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Florida Citrus Hall of Fame inductees chosen for 2019

The selection committee for the Florida Citrus Hall of Fame has announced three distinguished leaders — Tim Hurner, of Sebring, FL, Richard J. Kinney (deceased), formerly of Lakeland, FL, and Peter McClure, of Port St. Lucie, FL — who will be inducted into the Hall during the 57th Citrus Celebration Luncheon on Friday, March 8 at Florida Southern College in Lakeland. cla

Hurner is a fourth-generation Florida citrus grower who has spent most of his life and career as an IFAS Extension citrus agent as well as a center director in Highlands County supporting citrus growers in the production and profitability of citrus. In 1990, he assisted growers in the formation of the Highlands County Citrus Growers Association, which was designed to help growers keep up with local and regional issues and respond accordingly.

Throughout his extension career, he was known as the go-to person for answers, helping growers transition to new technology and conservation methods. As the 4-H Youth Agent for Highlands County, he grew the 4-H program to over 500 members in 4-H Clubs ranging from 4-H, to Home Economics, to 4-H Livestock, to 4-H Horse Clubs.

Hurner also taught at Florida Southern in Lakeland, mentoring many students who are now active in leadership roles in the citrus industry today. A Certified Crop Advisor, he received the National CCA Award in 2012, the International CCA Award in 2013 and was awarded a Lifetime CCA status in 2014 for his contributions and leadership of the Florida CCA Program.

Kinney will long be remembered as Florida's most passionate advocate for its fresh citrus industry. He started his career as an ag liaison for Rep. Andrew Ireland and later for former Governor and Senator Lawton Chiles. He went on to serve as executive vice president of Florida Citrus Packers from 1983 until his retirement in 2012. During that time, he worked tirelessly to maintain export and domestic markets for fresh Florida citrus after the discovery of citrus canker, "walking the halls" of Tallahassee and Washington, DC, building the case for continued market access and ensuring that scientific research supported the cause.

He helped the industry through overseas export challenges, citrus greening, in-store juicing debates and discussions, Brix level studies, challenging industry consolidation discussions, import citrus dynamics, new packaging and carton size considerations and discussions. Kinney was one of the industry's foremost experts on trade regulations and pest interdiction, as well as a successful citrus grower. Uncompromising and unapologetic of his defense and advocacy for the fresh fruit packers, he was known as a "bulldog on a soapbox" and fought tirelessly for the betterment of Florida's fresh fruit citrus industry on numerous issues.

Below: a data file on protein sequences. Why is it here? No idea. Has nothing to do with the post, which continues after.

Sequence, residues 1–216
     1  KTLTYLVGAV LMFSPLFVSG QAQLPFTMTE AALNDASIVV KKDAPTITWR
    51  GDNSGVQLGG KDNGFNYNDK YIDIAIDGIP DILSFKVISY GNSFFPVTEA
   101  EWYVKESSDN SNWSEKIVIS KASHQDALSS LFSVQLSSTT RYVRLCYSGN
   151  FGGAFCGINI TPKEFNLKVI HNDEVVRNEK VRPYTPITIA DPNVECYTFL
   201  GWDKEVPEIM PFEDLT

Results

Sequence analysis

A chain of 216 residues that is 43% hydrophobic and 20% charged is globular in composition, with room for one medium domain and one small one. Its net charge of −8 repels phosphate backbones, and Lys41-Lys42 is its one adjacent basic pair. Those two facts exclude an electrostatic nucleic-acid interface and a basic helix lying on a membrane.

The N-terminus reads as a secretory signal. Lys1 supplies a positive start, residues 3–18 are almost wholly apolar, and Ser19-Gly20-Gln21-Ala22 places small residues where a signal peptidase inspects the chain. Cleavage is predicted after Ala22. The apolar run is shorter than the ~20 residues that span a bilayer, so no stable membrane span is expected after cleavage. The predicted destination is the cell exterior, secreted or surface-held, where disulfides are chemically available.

McClure is a fourth-generation citrus grower and is known as the godfather of the Citrus Research & Development Foundation, an organization he helped found to combat the devastating spread of HLB. He originally helped create one of the first ever grower-funded research organizations, the Florida Citrus Production Advisory Council, which evolved into the CRDF with over $200 million of sponsored, funded and completed research committed to HLB mitigation and control. It is the best positioned organization in the world to coordinate the required research and product development necessary to combat the disease.

A longtime production manager with both Becker Holdings and Evans Properties, McClure is currently the chief agriculture officer of Terviva in Ft. Pierce.

He is a recipient of the Florida Grower Citrus Achievement Award, the Florida State Horticulture Society's Outstanding Commercial Horticulturist Award and the St. Lucie County Conservationist of the Year Award.

The Florida Citrus Hall of Fame honors distinguished leaders who have made significant contributions to the Florida citrus industry. The Citrus Hall of Fame display and Archive Center is located within the McKay Archive Building at Florida Southern College in Lakeland.